“He gazed up at the enormous face. Forty years it had taken him to learn what kind of      smile was hidden beneath the dark mustache. O cruel, needless misunderstanding! O    stubborn, self-willed exile from the loving breast! ... But it was all right, everything             was all right, the struggle was finished. He had won victory over himself. He loved           Big Brother” (245).

 

            Winston lost his rights as a human being and had his mind altered to knowing that he could never win against Big Brother. His struggle was finished through his mind being altered for him, and all that he had struggled for in his life without Big Brother was gone. People lost their individuality and freedom of choice in this government by simply taking in any information about the world Big Brother tossed at them. Praising every word of news, people tried to become the model citizens that Big Brother wanted in his world. Big Brother’s control may have been necessary for them to try to manage its citizens, but it was hardly civil. Big Brother’s control resulted in altering peoples lives for the worse, a warning Orwell made clear through such a depiction.

            Citizens were induced into thinking that the government was the only government desirable as a result of Big Brother’s authoritative control. The Ministry of Truth, a department of the government meant for rewriting history, altered history numerous times each day to make the government constantly appear exact in their predictions and right on target in their speeches. Changes would be made about how many boots were made or manufactured as stated in a speech, or a fact that was later found be false and would have shown by their previous statement to be wrong. Through this changing of history it made Big Brother appear flawless, and far more intelligent than any other citizen, thus preventing any conflict or rebellion. An item that was frequently changed was who Oceania was either at war or peace with – it being either Eurasia or Eastasia. “The Party said that Oceania had never been in alliance with Eurasia,” Winston thought to himself early in the book. “He, Winston Smith, knew that Oceania had been in alliance with Eurasia as short a time as four years ago. But where did that knowledge exist? Only in his consciousness, which in any case must soon be annihilated” (32). Winston had this knowledge, thus providing him with one of the necessary items for his personal rebellion. It separated him from others in society who had no power of personal knowledge to make informed decisions of their own. Through these uninformed citizens the government gained control and convinced them that the best way to not lose their rights was to prevent radicals from taking the government’s control away. By thinking this way they ignored the individual, and instead looked at their government as a whole, forgetting the lives and rights of its individual citizens. This authoritative control brought people in under Big Brother’s umbrella, and even though they were being fed lies they accepted them as the greatest honest truth.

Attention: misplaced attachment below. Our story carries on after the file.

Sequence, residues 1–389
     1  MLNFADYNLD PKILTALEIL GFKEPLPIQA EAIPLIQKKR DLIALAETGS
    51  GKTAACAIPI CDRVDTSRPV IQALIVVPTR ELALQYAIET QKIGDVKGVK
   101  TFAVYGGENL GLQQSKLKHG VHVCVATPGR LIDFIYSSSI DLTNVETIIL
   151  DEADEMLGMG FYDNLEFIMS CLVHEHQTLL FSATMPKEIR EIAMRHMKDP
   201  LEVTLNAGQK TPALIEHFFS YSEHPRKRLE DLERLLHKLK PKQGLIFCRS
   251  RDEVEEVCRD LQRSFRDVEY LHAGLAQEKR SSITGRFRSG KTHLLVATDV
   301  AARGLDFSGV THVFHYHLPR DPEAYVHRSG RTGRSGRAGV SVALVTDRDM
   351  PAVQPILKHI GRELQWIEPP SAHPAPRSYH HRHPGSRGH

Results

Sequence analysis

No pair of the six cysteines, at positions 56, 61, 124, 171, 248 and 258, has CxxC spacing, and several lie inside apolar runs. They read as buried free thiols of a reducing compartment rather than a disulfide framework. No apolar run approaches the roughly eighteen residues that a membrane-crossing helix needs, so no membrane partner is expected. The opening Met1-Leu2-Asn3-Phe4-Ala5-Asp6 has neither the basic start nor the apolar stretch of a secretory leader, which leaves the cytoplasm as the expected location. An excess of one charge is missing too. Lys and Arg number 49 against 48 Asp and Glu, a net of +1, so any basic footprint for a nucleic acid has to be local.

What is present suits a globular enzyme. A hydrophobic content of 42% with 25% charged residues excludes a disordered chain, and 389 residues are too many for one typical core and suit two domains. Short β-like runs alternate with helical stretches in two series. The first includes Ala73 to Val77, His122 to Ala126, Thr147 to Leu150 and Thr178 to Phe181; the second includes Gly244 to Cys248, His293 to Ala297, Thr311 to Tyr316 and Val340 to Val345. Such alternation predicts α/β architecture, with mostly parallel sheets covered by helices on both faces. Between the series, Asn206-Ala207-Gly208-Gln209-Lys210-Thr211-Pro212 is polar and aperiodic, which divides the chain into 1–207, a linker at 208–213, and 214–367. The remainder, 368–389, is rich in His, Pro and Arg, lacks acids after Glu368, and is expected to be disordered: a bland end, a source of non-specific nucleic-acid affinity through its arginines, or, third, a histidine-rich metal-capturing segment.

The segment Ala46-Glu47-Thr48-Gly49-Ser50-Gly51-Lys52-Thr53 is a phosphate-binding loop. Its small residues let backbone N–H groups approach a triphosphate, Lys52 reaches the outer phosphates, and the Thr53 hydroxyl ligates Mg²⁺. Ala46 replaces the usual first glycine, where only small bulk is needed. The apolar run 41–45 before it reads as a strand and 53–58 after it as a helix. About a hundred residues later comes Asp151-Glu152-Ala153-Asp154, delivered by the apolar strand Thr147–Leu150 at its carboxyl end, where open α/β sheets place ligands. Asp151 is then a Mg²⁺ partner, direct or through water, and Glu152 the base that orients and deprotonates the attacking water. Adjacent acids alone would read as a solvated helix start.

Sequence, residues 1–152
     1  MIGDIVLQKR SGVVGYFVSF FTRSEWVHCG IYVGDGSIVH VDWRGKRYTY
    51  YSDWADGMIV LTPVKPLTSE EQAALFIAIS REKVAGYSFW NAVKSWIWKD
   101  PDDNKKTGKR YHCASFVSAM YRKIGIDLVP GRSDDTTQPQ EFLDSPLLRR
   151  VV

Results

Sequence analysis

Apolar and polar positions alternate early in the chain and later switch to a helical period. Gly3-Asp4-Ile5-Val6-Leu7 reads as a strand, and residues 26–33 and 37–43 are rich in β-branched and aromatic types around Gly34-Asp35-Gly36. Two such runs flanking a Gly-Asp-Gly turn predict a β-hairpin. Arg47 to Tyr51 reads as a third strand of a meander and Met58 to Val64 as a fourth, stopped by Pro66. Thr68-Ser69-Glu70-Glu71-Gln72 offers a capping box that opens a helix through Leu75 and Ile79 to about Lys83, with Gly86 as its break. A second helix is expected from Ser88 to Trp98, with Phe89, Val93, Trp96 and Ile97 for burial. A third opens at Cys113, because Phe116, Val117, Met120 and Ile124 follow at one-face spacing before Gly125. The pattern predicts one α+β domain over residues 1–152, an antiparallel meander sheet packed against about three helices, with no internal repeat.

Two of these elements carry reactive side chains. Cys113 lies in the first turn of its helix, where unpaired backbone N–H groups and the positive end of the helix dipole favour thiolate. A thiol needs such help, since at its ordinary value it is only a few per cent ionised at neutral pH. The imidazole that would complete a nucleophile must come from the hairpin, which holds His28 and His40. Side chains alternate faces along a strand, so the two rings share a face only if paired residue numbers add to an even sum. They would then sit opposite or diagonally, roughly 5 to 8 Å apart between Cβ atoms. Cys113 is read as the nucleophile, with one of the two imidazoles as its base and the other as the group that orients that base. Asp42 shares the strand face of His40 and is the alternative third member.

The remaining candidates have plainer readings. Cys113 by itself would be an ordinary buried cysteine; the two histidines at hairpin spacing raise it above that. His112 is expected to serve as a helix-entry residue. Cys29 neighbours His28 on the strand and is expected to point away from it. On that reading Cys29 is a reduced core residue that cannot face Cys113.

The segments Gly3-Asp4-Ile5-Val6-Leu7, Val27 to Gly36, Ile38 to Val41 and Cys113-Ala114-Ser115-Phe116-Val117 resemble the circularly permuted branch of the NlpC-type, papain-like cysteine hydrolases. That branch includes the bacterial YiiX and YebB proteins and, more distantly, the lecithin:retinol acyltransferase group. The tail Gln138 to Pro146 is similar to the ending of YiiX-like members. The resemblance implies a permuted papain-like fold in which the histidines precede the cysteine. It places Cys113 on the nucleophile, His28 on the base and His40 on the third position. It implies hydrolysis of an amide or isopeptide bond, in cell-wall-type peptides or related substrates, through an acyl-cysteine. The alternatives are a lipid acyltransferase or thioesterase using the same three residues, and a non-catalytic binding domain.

Through the structure of this government people were forced to believe facts and ideas, as well as be monitored twenty-four hours a day. The government forced people to live as they saw fit, using persuasion to reel people in and change whatever in history they felt was necessary to make them look like the finest government ever. Orwell made it clear through these extreme circumstances that this should not be tolerated, and stopped before a full controlling government could take over and force people to live a life similar to Winston’s. The thought of such an extremely controlling government functioning in the real world causes any person to be startled by knowing what it leads to. Orwell warned us through this book thirty-five years ago of the consequences that could arise from such a government, and now eighteen years after the year 1984, the warning still rings clear.